Therefore, I want them to have the most possible nutrition when I open them. …Read More...
Many people forget that just storing food is not all it takes to be prepared for an emergency. Having your food taste good is also important. Many of the foods that you have stored will have to be cooked from scratch. Spices have a limited shelf life, but there are other ways to improve the taste of your foods. So start thinking about using crushed and powdered dehydrated vegetables to improve their taste.
Vegetables flakes can be made by crushing dehydrated vegetables in a blender, (If you’re using a blender watch your speed, to fast and you will have powder instead of just bits and pieces) If the power is out you can use a rolling pin (just put vegetables in a plastic bag and crush them. …Read More...
As many of you probably know by now, I am cheap, I am always looking for something for nothing. Now I can’t always get stuff for free, but there are many ways to get inexpensive preps. Try a few of these ideas and I think you will save money.
- Take a good look around during harvest season there is always free fruit and vegetables available. If we see a fruit tree that is not being picked we will often talk to the owners and ask if we can pick some. Often the reason it has not been picked is due to age or illness in which case we will suggest splitting it with them.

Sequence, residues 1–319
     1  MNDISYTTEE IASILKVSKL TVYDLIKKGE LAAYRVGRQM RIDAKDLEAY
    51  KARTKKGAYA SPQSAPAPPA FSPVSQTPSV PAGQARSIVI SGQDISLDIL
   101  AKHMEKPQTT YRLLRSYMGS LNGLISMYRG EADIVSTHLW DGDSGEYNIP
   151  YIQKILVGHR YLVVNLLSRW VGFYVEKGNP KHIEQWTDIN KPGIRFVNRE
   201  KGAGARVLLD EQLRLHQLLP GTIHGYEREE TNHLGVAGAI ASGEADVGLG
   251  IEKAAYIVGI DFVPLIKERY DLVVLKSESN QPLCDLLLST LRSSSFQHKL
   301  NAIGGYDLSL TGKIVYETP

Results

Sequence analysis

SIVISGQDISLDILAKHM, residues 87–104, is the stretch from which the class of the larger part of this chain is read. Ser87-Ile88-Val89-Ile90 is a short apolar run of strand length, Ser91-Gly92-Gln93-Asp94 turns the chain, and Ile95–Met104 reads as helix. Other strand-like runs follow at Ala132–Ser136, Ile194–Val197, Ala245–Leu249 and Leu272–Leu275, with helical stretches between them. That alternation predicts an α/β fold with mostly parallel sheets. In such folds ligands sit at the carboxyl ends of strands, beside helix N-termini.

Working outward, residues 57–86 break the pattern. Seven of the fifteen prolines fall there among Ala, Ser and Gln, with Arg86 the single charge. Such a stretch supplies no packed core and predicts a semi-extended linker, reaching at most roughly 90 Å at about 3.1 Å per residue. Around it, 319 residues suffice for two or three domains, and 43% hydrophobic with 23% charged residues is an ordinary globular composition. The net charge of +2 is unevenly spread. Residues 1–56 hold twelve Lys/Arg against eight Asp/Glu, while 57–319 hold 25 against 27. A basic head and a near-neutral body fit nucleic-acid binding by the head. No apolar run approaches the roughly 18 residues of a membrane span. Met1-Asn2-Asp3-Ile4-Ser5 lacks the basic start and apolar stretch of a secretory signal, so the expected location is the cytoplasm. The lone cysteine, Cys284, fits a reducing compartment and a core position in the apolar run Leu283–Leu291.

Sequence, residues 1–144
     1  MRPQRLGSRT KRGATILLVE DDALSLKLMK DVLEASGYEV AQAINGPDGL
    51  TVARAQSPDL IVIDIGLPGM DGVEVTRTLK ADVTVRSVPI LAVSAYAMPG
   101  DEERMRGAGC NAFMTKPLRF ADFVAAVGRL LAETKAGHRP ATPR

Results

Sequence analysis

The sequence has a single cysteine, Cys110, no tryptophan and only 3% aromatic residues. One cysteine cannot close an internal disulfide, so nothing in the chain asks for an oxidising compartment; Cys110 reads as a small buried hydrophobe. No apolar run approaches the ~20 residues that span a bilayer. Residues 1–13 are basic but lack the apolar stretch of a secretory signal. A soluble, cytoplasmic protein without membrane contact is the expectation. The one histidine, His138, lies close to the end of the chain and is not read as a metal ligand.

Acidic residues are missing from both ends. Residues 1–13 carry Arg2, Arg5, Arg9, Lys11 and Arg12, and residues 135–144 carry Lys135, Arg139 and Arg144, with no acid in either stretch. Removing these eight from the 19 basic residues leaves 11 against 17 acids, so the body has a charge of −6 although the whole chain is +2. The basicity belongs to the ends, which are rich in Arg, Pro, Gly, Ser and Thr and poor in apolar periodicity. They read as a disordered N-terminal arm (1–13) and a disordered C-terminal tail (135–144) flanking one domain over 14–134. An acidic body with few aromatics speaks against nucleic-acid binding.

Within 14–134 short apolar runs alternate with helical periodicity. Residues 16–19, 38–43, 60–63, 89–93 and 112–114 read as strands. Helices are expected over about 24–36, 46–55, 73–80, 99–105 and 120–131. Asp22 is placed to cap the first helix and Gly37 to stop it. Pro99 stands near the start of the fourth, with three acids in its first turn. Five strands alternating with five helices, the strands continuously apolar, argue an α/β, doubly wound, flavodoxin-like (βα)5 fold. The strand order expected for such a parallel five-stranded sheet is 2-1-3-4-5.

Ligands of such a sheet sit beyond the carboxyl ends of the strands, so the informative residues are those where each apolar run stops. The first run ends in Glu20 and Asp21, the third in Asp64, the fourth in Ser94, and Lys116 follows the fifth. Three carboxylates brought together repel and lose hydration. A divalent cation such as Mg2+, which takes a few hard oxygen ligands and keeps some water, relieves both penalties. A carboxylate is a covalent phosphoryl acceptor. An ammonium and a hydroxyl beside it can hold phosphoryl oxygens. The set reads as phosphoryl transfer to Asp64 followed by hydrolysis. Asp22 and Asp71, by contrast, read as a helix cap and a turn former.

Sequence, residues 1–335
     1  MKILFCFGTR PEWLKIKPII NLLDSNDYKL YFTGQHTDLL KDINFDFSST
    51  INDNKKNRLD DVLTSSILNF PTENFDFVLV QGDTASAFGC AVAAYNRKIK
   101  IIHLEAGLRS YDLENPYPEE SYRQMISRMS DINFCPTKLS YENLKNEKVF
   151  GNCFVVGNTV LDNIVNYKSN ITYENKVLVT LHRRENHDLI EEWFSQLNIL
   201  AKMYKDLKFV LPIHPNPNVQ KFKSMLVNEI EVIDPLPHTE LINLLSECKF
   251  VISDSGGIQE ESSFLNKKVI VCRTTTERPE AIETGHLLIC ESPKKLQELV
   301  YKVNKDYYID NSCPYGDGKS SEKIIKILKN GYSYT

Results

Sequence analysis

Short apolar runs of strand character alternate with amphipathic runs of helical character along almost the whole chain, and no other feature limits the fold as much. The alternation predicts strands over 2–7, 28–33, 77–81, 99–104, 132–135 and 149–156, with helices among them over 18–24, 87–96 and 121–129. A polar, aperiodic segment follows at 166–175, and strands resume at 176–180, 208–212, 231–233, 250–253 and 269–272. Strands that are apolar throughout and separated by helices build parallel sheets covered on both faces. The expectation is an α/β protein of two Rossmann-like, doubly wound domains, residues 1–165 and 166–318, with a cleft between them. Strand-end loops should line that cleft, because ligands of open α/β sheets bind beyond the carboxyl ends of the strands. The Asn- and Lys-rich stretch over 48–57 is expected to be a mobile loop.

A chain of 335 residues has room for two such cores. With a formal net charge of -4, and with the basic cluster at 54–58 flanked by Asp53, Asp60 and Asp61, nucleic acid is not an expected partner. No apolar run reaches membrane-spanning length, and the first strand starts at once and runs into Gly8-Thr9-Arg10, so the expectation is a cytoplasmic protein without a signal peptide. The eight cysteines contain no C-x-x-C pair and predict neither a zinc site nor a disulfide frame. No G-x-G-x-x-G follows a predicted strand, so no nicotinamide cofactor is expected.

I wish that I could purchase long term storage foods that would last forever without any rotation. But the truth is you can’t, rotating long term storage is always a problem. Now because I have been into food storage for about 50 years, I have occasionally run into problems with shelf life. Just the other day I opened some buckets that were buried in my storage. They contained wheat that is about 30 + years old. It looked good, so I decided to see if it would still sprout.
After running a sample through my sprouting trays, I found that a small percentage would start to sprout. …Read More...
In any emergency, whether it is a hurricane, major snowstorm or civil unrest resulting in the interruption of food and other supplies, you may need to go shopping. Such emergencies might also include the disruption of utilities.
Now, if you are an experienced and well-prepared prepper and are at home with your preps, you probably don’t need to read any further. However, if you are a beginning prepper, one of the average sheep with no supplies, or an experienced prepper who is caught away from their preps, you need to read this. Here is a list of emergency supplies that will disappear rapidly and where to find them.…Read More...
Every now and then, I like to get back to basics. So today, I want to talk about rotating food. One of the biggest problems many of us have is keeping track of our food and rotating it on a regular schedule.
You should have an inventory of your food storage and it should include expiration dates. This makes it easy to rotate your food. Once a year you check your inventory and pull out everything that will expire that year. Move this into your everyday pantry and use it up during the year. …Read More...